Now, 'summer heat' responsible for poll violence in Bengal
Almost every day, Bengal sees a political murder or political clashes in which dozens are injured. Trinamool Congress workers are allegedly involved in almost all of them till date even as the state is caught up in election frenzy. Asked about the reason behind the violence, one Trinamool leader told Asianet Newsable “It’s so hot, you see. The heat is getting to them”.
Ever since the race for the assembly began in Bengal, four political murders have been reported and many people have been injured.
On poll days especially, there are reports all day from the constituencies about violent clashes, voter intimidation and attempts at booth capturing. Again, the ruling party is named in the reports. The Trinamool has been in power in West Bengal for five years. It is also true that Bengal has a history of political violence, and has borne witness to it since the late 1960s. But has something changed in the way the state is experiencing violence ever since Mamata Banerjee and her party emerged victorious in the 2011 assembly poll?
“The violence perpetrated by the ruling party is a symptom of fear and the fear of losing. Mamata Banerjee believes offence is the best form of defence. But these terror tactics will not work,” said Mohd Salim, a CPM leader.
His views, however, differ from those of Kanchan Gupta, senior journalist, political analyst, and activist. “Violence became a part of the political process in Bengal since the early 1970s. As far as the scale of violence goes, if you compare the period 1971 to 1977 and 1969 to 1971 to now, the violence (in Bengal during this election) is a teddy bear’s party…. The CPM now complains of violence, but that party was responsible for chopping off the hands of those who did not vote for it. This is documented. In Sainbari (in Burdwan district), a mother was forcefully made to eat rice soaked in the blood of her murdered son. Bengal has seen horrific violence in the past,” Gupta said.
The murders in Sainbari in 1970, for which the CPM was allegedly responsible, are seen as some of the most terrible Bengal has ever witnessed. The case, which came to be known as the “Sainbari murders”, has come to symbolise political violence in West Bengal.
In the 2014 Lok Sabha election too, Bengal witnessed violence. Rajat Roy, political analyst, said, “The violence is of the same character as 2014, when ruling party goons intimidated and terrorised people. But the Election Commission has been very strict after the first two days of polling. After violence in Birbhum, the district SP was transferred. Nine officers-in-charge were also removed. The EC is taking active measures now. The central forces are vigilant both inside the booth and elsewhere. Now, the Trinamool leaders are openly accusing the central forces of playing a partisan role. Ruling party leaders such as Rabiranjan Chattopadhyay and Siddiqullah Choudhury have gone public to point accusatory fingers at both the central forces and state police. Even Mamata Banerjee had done so. They seem to be on the defensive.”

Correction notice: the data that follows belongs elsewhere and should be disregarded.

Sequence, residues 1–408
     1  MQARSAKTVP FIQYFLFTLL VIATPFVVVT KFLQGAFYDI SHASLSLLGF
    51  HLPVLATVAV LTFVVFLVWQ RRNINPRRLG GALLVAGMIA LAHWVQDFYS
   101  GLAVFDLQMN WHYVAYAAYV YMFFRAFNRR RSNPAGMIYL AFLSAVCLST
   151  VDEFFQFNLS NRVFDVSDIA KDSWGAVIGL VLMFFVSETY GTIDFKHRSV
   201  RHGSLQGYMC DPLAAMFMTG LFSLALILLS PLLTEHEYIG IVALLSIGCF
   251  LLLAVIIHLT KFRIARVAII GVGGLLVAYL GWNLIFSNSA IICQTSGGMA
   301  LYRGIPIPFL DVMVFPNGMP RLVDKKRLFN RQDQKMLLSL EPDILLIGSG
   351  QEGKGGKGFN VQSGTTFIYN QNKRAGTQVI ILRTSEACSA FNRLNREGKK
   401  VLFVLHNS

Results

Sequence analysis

As far as the scale of violence goes, if you compare the period 1971 to 1977 and 1969 to 1971 to now, the violence (in Bengal during this election) is a teddy bear’s party…. The CPM now complains of violence, but that party was responsible for chopping off the hands of those who did not vote for it.
He went on to say that the Trinamool probably did not expect the state police and administration to suddenly turn neutral. “They (the Trinamool) are panicking. Their violent actions stem from panic. This is indicative of the ruling party losing power. They have already lost their grip on the state police and administration.”
Predictably, Trinamool shows no such fears. Asked why Bengal was seeing so much violence this time, Sadhan Pandey, Trinamool candidate from Maniktala in north Kolkata and consumer affairs minister, told Asianet Newsable, “It’s so hot, you see. The heat is getting to them. In our calculations, Trinamool will win 180 to 200 seats this election.”
The Left Front-Congress combine is most critical of the ruling party’s “terror tactics”. “Trinamool leaders are almost admitting that they stand little chance of winning unless they loot poll booths. The party has become inseparable from violence. To expand its base and enhance its prospects, they have been using indiscriminate violence. This is only a reflection of deep-seated insecurity. They are trying to compensate for the lack of organisational coherence and organisational consolidation by resorting to violence. In this election, however, Trinamool is not expected to cross the 100 mark,” said Om Prakash Mishra, Congress leader and professor of international relations.
Whether the Trinamool retains power in Bengal or not, political violence refuses to leave the state. Perhaps Pandey is right: maybe it’s just the heat.